AGRA: If there is one place in India that just doesn’t get the idea of ‘Love jihad’, it is Khera Sadhan in Agra. And that’s because of its peculiar history. During the rule of Aurangzeb (1658-1707), villagers there were asked to either convert to Islam or leave their homes. Faced with such a threat, almost all of them had changed their religion at that time. After Independence, a group of local leaders exhorted the townsfolk to go back to Hinduism. Some did, others didn’t. But religion since then hasn’t mattered to the people here.
“Why should it?” asks Vikram Singh, a Thakur in the village of about 10,000 roughly 50 km away from Agra. “That’s why I don’t understand this ‘love-jihad’ nonsense. My mother Khushnuma is a Muslim, my father Kamlesh Singh a Thakur. My sister Sita is married to Inzamam and my wife Shabana is thinking of naming my newborn Santosh.”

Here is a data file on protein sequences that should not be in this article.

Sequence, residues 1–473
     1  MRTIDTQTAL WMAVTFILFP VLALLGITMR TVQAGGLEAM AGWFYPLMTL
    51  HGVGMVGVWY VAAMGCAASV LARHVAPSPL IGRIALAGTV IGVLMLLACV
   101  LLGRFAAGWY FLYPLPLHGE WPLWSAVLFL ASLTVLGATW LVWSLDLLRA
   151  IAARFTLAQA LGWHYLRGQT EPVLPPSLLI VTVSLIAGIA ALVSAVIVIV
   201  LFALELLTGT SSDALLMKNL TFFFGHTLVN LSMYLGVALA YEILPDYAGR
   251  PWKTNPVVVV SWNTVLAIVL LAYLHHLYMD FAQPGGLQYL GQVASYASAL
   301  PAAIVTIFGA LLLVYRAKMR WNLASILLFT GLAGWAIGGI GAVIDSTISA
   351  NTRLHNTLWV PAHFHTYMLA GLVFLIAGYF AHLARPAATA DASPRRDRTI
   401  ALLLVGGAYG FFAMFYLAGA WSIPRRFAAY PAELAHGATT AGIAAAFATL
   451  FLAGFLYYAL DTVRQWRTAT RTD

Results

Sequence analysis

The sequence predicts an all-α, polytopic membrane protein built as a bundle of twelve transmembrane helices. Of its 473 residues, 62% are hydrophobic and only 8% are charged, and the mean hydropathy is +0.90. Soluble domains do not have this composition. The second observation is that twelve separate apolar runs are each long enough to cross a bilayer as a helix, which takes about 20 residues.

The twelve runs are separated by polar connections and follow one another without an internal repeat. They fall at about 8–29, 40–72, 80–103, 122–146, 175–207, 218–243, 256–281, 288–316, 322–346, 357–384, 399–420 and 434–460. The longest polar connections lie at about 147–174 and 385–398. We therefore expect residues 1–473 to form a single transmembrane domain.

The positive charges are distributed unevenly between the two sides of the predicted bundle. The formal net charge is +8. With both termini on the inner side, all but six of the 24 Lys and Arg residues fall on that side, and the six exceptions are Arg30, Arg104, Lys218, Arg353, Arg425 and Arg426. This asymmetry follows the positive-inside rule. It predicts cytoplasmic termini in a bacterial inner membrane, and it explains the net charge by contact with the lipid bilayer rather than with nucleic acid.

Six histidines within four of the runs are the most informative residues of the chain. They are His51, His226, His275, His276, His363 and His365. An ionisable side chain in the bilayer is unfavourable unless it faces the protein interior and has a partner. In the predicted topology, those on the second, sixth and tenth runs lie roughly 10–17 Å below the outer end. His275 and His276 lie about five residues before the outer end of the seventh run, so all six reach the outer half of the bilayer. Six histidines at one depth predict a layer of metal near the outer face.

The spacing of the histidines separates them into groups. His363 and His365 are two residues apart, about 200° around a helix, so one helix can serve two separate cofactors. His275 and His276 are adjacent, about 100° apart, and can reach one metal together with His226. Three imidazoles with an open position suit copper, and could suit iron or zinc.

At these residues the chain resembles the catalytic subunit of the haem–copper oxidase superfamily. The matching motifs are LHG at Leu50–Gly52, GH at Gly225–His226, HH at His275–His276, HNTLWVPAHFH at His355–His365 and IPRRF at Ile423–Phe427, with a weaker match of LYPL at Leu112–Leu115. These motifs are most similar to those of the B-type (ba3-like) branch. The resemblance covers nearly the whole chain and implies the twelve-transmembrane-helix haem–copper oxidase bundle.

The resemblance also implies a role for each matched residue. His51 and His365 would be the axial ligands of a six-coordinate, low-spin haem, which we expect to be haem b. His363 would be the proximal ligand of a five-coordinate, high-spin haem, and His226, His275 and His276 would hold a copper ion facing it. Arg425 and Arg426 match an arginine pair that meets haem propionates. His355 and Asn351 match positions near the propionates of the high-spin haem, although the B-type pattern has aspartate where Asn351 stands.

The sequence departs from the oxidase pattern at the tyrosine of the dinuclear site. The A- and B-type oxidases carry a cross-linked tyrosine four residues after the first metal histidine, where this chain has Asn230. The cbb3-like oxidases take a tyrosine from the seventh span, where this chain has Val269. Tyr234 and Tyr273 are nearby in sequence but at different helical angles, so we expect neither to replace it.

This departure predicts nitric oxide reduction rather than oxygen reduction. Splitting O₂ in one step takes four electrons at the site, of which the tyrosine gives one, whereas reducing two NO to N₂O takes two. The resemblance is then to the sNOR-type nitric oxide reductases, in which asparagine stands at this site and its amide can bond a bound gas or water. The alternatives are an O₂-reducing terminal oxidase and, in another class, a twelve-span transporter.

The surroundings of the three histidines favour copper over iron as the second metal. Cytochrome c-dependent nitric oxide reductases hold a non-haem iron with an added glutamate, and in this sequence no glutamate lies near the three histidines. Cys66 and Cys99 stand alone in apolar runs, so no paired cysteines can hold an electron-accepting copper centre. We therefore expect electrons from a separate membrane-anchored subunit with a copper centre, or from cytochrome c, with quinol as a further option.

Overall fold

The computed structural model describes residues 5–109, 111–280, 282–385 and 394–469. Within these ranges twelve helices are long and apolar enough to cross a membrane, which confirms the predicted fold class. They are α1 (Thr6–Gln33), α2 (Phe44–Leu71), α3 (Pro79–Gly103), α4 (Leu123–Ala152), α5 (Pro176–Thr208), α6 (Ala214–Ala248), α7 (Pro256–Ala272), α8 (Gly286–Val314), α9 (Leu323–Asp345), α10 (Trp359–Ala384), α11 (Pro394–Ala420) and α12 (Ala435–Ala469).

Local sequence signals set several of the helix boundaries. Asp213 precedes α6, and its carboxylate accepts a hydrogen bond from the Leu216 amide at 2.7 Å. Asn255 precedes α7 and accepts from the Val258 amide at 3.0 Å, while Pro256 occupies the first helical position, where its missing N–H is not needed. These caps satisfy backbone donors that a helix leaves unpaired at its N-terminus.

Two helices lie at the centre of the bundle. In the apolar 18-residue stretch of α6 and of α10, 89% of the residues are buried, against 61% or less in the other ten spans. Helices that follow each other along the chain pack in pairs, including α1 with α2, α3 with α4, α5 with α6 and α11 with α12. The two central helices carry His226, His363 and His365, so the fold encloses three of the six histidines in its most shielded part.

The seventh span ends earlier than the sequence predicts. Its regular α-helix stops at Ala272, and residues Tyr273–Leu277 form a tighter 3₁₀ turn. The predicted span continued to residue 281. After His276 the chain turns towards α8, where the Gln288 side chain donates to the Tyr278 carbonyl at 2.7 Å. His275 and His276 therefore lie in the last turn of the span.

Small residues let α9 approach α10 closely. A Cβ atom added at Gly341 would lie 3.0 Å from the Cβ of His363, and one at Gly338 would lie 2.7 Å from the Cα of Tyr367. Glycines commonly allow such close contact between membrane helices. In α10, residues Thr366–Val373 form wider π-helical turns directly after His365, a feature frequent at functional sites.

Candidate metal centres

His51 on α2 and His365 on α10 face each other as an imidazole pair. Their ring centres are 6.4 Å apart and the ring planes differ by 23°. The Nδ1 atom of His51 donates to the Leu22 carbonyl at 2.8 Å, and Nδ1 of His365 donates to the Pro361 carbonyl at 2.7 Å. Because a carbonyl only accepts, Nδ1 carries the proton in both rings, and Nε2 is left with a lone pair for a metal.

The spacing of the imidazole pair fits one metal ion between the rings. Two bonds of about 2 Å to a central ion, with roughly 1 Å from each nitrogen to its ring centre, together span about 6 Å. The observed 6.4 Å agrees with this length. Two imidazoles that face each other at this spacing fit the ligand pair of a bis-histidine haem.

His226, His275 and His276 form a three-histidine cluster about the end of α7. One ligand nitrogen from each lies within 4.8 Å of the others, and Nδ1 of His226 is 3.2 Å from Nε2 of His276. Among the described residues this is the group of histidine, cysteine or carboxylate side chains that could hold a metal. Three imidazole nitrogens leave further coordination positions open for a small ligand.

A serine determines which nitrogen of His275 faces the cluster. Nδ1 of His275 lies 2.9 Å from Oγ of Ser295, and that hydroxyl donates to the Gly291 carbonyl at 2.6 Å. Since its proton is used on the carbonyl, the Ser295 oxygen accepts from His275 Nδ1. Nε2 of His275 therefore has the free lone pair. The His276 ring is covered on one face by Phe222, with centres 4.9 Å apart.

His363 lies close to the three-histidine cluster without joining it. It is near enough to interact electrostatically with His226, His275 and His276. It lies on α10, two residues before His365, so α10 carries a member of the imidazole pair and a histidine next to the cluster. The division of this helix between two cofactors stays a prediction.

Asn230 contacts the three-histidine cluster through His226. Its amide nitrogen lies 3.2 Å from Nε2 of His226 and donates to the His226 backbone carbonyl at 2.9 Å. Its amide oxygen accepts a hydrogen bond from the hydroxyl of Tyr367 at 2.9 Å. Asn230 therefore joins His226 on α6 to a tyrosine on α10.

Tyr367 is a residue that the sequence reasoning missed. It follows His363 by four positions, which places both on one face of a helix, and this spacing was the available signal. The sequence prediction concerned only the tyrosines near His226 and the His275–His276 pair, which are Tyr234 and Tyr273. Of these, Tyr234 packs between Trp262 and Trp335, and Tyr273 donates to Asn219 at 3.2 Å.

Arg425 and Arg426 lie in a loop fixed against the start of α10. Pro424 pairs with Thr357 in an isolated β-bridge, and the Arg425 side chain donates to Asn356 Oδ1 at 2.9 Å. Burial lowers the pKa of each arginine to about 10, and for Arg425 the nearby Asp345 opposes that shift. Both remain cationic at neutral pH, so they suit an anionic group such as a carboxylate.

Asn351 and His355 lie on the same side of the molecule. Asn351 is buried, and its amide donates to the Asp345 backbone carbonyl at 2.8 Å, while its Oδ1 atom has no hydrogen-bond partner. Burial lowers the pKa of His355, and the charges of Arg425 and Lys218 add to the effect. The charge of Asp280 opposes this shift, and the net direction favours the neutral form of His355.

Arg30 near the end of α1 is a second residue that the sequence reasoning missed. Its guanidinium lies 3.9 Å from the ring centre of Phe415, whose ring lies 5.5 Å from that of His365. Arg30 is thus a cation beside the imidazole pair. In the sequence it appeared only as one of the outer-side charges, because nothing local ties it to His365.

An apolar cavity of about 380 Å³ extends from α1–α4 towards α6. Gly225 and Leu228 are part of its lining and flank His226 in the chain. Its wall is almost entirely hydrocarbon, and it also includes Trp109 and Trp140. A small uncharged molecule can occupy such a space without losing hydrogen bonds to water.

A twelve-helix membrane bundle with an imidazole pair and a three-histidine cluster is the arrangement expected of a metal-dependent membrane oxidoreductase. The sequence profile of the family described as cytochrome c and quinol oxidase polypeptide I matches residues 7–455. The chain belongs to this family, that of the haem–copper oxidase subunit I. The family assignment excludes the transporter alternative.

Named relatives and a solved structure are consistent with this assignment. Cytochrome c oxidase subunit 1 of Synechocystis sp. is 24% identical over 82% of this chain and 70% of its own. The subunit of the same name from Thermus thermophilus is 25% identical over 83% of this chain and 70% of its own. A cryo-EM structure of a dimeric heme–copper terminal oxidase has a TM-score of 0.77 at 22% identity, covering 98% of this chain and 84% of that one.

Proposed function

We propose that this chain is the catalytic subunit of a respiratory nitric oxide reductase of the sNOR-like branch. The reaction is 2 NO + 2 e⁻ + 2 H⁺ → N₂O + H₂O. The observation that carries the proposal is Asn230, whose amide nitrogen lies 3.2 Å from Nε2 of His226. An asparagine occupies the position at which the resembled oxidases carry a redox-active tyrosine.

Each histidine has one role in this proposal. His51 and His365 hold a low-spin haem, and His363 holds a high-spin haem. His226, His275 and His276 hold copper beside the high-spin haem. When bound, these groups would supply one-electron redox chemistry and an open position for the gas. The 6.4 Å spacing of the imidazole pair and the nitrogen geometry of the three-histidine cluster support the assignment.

The tolerance of each other’s faith and an inherent secularism that has to be seen to be believed has endured. Today in Khera Sadhan, it is common to have a family of four brothers with two of them Hindu, two Muslim. Or have a husband who doesn’t care about the religion of his wife, or her children for that matter. Here, Muslims worship in temples and Hindus go to the dargah. Eid and Diwali are both sacrosanct.
Ask 55-year-old Shaukat Ali and he will tell you that he recently arranged for his youngest brother Raju Singh to marry Lajo, daughter of Sunil Thakur and Reshma. The wedding ceremony will be attended by Shaukat’s brothers Rizwan Ali and Kishan Singh. The nikah will be held at a temple.
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